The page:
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Russian Defense Ministry Plans Network Of Reservist Armies

Russian Army conscripts put on their uniform at the military registration and enlistment office in St. Petersburg in April.
Russian Army conscripts put on their uniform at the military registration and enlistment office in St. Petersburg in April.

Russia's Defense Ministry is currently drafting amendments to the federal Law On Defense that would allow for the creation of several reservist armies, according to Frants Klintsevich, deputy chairman of the Russian State Duma's Defense Committee.

Klintsevich explained that those forces would consist of men who have performed their compulsory military service or enlisted as contract servicemen. They would report for training on a monthly basis while continuing to work at their civilian jobs. He did not cite any figure either for the number of such armies or of their optimum strength.

Retired Colonel Viktor Litovkin predicted that this innovation would enhance the combat readiness of the Russian armed forces as a whole and ensure that in the event of unanticipated hostilities, conscripts would not be used as "cannon fodder" (as was the case during the initial advance on Grozny during the 1994-96 Chechen war).

But a second military observer, Center for the Analysis of Strategies and Technologies Director Roman Pukhov, warned that in the long term, the creation of a network of regional armies not directly subordinate to the federal Defense Ministry could create more problems than it solved. He recalled that the Bolshevik victory in 1917 was largely thanks to the extensive network of such reservist battalions.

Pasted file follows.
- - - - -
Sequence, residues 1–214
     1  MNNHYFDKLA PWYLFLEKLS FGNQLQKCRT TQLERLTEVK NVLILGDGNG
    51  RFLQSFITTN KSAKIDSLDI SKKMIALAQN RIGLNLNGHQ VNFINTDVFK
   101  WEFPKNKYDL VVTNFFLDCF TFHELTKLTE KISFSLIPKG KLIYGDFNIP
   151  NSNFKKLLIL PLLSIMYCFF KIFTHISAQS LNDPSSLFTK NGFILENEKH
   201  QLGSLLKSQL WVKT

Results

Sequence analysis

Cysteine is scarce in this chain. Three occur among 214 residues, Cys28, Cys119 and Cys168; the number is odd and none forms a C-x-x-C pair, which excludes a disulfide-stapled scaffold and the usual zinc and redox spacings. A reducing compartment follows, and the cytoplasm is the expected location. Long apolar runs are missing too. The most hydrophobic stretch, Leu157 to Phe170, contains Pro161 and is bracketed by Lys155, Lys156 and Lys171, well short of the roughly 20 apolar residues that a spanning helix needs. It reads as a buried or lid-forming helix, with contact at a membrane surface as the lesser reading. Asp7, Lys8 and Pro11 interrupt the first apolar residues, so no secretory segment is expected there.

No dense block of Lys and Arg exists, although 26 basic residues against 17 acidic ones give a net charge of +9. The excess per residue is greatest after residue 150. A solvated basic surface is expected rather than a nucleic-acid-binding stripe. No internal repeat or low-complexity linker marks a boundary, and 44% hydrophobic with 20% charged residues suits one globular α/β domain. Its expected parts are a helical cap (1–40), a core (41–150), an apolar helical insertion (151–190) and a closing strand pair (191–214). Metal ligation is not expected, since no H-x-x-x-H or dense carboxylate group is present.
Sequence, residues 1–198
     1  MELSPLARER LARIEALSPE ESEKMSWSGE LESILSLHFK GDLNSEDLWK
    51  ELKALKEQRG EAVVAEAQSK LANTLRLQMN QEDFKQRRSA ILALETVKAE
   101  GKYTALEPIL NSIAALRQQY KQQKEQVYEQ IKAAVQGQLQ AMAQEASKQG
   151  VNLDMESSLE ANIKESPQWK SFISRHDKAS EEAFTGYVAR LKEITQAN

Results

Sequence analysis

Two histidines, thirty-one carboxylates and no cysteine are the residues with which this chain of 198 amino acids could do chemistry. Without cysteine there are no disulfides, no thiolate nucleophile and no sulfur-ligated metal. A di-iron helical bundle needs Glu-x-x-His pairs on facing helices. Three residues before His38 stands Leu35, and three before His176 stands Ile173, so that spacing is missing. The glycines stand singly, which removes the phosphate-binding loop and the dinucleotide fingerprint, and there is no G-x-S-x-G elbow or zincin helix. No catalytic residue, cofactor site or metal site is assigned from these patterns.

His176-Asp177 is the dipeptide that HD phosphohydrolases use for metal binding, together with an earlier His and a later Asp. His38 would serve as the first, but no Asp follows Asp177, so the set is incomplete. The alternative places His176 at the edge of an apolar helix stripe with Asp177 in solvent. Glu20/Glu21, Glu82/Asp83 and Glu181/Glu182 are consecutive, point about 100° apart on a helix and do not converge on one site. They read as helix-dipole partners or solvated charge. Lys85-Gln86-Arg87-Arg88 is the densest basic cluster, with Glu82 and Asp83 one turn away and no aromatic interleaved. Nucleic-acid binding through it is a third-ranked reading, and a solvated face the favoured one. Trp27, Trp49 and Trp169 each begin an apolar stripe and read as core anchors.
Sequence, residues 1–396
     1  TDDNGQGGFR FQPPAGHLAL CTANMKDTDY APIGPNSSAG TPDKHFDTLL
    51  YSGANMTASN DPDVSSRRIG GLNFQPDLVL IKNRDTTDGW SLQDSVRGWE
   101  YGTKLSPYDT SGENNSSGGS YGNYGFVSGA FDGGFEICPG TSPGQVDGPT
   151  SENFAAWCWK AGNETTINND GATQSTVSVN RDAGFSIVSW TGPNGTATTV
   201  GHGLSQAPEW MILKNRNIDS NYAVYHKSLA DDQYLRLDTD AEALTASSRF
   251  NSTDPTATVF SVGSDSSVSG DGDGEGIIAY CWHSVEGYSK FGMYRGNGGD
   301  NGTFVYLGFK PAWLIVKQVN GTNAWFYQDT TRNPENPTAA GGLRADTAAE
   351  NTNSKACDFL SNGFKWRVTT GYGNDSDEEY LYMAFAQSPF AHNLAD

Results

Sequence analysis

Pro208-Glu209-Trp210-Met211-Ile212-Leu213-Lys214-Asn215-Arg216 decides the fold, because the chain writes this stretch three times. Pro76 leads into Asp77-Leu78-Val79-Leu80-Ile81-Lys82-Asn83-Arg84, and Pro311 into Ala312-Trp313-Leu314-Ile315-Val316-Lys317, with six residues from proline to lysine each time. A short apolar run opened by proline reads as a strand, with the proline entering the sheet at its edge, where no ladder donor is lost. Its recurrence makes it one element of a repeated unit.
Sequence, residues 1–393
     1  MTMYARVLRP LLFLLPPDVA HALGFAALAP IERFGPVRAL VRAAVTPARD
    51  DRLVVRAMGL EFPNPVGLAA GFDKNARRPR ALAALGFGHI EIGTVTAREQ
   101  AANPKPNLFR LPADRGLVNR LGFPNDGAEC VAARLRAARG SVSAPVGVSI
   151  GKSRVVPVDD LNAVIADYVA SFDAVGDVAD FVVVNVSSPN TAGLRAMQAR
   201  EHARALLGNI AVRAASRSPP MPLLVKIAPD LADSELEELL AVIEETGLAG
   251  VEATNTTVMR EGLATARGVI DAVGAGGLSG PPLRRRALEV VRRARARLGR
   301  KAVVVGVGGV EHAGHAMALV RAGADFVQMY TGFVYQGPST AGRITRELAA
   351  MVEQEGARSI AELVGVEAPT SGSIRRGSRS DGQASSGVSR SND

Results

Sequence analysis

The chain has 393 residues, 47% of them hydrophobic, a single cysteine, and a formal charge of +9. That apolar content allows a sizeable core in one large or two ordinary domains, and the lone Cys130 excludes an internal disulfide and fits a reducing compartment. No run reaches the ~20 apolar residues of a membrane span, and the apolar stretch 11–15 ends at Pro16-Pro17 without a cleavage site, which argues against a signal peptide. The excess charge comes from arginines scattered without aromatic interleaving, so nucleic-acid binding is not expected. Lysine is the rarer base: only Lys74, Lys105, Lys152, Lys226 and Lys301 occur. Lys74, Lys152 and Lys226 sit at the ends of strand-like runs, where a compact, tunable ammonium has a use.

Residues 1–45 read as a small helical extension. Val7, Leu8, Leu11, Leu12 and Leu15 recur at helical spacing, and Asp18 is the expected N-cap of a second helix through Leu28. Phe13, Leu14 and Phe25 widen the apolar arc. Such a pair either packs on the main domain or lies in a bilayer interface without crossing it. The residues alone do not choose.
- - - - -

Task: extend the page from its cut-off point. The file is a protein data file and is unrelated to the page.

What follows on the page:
It is not clear whether the new proposal is in any way linked to the recent fighting in eastern Ukraine, in which Russian officials deny any military participation, or whether the planned new forces are being created in anticipation of an attack on Russian territory from beyond its borders, or to suppress large-scale domestic unrest. (The latter was the most plausible explanation for the decision in the fall of 2011 to train thousands more snipers).

Nor is it yet clear in which Russian regions these planned new forces would be based. The one regional leader who is most likely to embrace this idea wholeheartedly is Chechen Republic head Ramzan Kadyrov. But the stipulation that only men who have performed their military service will be eligible to serve in the reservist armies automatically disqualifies most Chechen men in their 20s and 30s, given that since the early 2000s no young men from Chechnya, and only a few from other North Caucasus republics, have been drafted.

That ban has now been lifted: as of this year's fall draft, 500 Chechens will be inducted, with priority going to university graduates. The figure will rise to 1,000 in 2015. The planned total number of draftees from the North Caucasus Federal District this fall is 4,100, of whom 2,000 will come from Daghestan, 600 from Kabardino-Balkaria, and 500 from Ingushetia.

-- Liz Fuller

About This Blog

This blog presents analyst Liz Fuller's personal take on events in the region, following on from her work in the "RFE/RL Caucasus Report." It also aims, to borrow a metaphor from Tom de Waal, to act as a smoke detector, focusing attention on potential conflict situations and crises throughout the region. The views are the author's own and do not represent those of RFE/RL.


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